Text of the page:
I did lose two of my OKKO filters while out in the field. The first was when shooting on the top deck of our expedition ship, and I was working the foreground bokeh. My lens nudged along the balustrade, and the filter popped off without hesitation and went drifting in the breeze and plopped into the ocean. I need to be more careful with that, I really do! The second was in a helicopter. I had been filming the heli landing on a beach and wanted to keep my rotor blades blurred for the stills. ND64 is perfect for that, giving me around 1/200th of a second even at F2. I jumped into the helicopter for a doors off trip, forgetting that the filter was still in place. It was gone by the time we landed at Mitchell Falls.
How much magnetic strength is the right strength? This will something photographers will debate for years to come. Kase have gone for super glue, and that was not ideal. OKKO have gone for “don’t leave the ND on the lens when you pack the camera away”, and that’s not ideal either. For most photographers the task of removing the ND and putting inside a pouch or case is no big deal. The image quality is so good on the OKKO however, that I can’t see myself using anything else now.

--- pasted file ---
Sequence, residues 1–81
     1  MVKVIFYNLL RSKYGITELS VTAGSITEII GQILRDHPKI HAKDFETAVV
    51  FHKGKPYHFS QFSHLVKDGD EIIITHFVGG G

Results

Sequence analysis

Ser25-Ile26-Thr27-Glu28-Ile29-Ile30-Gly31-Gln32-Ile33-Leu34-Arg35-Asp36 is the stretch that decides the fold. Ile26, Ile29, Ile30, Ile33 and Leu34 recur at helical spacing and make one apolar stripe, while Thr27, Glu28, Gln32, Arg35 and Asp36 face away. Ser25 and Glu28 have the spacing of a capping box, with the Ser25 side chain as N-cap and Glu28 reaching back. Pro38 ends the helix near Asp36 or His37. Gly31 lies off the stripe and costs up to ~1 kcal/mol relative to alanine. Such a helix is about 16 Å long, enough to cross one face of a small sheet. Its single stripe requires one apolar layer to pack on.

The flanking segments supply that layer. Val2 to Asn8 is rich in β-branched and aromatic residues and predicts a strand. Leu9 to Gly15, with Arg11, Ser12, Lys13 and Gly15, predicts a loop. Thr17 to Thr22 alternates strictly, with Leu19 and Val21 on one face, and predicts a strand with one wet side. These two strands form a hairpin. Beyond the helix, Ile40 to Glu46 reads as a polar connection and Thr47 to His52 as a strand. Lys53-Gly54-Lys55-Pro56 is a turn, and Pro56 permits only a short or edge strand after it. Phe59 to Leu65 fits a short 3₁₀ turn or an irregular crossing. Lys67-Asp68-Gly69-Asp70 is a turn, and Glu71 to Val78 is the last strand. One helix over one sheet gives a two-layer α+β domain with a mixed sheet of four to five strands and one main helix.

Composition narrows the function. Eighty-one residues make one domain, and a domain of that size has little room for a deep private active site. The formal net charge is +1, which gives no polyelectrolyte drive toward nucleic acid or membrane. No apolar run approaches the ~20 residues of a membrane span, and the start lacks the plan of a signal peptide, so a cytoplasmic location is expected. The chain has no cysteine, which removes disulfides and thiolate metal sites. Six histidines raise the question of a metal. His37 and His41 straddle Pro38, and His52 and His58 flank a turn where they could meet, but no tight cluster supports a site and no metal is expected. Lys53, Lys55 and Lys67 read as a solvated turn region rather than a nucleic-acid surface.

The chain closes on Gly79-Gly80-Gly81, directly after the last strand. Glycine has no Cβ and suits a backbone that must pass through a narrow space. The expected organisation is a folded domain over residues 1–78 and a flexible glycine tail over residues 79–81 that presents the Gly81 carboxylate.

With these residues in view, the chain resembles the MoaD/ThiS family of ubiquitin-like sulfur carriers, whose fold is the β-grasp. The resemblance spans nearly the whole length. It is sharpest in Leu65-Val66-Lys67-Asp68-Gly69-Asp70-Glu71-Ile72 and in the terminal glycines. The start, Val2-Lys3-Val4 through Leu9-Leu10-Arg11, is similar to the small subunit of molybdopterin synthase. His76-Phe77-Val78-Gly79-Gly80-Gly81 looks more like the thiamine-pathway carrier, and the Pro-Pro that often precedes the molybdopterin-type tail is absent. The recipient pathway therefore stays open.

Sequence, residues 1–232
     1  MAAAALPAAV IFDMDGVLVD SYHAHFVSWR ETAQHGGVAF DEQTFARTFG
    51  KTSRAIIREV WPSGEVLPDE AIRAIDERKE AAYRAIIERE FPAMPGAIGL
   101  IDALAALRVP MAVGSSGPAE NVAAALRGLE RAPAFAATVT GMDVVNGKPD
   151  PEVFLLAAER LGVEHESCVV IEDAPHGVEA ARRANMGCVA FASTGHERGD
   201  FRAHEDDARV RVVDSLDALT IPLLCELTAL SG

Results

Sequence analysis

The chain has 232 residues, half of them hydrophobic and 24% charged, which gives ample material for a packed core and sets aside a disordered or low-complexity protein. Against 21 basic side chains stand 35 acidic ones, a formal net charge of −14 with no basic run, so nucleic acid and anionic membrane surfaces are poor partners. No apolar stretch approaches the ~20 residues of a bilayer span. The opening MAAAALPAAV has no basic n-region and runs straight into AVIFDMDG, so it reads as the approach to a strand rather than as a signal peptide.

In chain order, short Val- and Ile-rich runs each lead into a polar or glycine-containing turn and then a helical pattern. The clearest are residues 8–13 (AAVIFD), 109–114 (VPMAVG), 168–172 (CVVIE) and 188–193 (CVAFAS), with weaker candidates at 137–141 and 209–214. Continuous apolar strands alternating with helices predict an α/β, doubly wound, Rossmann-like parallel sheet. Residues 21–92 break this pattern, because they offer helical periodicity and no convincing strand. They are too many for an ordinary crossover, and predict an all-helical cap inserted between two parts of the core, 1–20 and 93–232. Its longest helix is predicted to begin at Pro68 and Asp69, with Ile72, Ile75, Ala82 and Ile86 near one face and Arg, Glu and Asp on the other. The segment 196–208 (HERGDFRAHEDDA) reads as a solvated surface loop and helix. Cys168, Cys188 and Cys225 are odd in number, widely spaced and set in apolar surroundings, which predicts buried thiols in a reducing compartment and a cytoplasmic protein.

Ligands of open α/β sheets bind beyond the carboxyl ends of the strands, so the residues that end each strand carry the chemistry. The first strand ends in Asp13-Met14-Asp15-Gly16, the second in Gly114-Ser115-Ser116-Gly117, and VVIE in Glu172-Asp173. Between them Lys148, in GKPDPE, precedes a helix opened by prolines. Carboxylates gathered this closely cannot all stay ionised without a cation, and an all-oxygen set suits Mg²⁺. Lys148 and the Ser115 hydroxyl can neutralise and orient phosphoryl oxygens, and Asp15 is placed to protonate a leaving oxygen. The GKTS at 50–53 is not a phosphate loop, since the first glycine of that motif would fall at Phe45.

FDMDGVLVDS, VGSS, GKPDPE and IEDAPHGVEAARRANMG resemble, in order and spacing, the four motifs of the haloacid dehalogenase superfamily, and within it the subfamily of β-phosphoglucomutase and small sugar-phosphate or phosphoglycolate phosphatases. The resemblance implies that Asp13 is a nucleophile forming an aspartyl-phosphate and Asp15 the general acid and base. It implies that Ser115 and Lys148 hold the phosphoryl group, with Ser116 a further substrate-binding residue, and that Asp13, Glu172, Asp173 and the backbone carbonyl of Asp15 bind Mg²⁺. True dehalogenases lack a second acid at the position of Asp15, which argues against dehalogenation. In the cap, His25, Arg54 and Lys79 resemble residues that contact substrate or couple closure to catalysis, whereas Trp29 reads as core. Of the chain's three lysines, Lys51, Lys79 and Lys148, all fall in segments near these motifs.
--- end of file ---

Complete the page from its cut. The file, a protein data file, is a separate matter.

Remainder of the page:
I’m looking forward to OKKO releasing a few more versions of the ND. They have ND64 (6-stop) and ND1000 (10-stop) at the moment, plus the CPL, the UV Clear (with magnetic base) and a straight magnetic adapter ring.
Mix and Match
If you already own a Freewell magnetic base, you may be wondering if any of these filters will snap on nicely. I tested a Freewell magnetic adapter ring, that stepped from 67mm to 77mm, so I could put 77mm filters onto my 67mm lenses (and use the same for my 77mm thread telephoto gear). Kase filters snap on just fine to the Freewell base. Neither the K&F nor the OKKO fit perfectly on the Freewell, or on the Kase for that matter (either the inner ring or the standard ring). The OKKO filters were still functional with the Freewell magnetic base, but they don’t sit flush and you’d be worried they might pop off if nudged the wrong way.
OKKO don’t sell complete kits for their filter system as yet. They sell each item as needed, including the UV Magnetic base, empty Magnetic Adapter Ring, Magnetic CPL, Magnetic Cap, and ND in a choice of 6-stop or 10-stop. You can buy the OKKO filters direct or through a few local outlets including stores such as Borges and Camera House. As with all the OKKO Pro products, they offer a lifetime replacement guarantee that covers everything from minor defects to your own stupidity (such as dropping them off a boat):
Where To Shop
Also a quick shout out to Photogear who were able to fulfil my order for a bunch of filters super quick. They haven’t got the magnetic OKKO items in stock yet, but keep an eye on that...
Take a look at 2 mins of video from the Kimberley Coast, and see why ND filters are a nice thing to have for video work: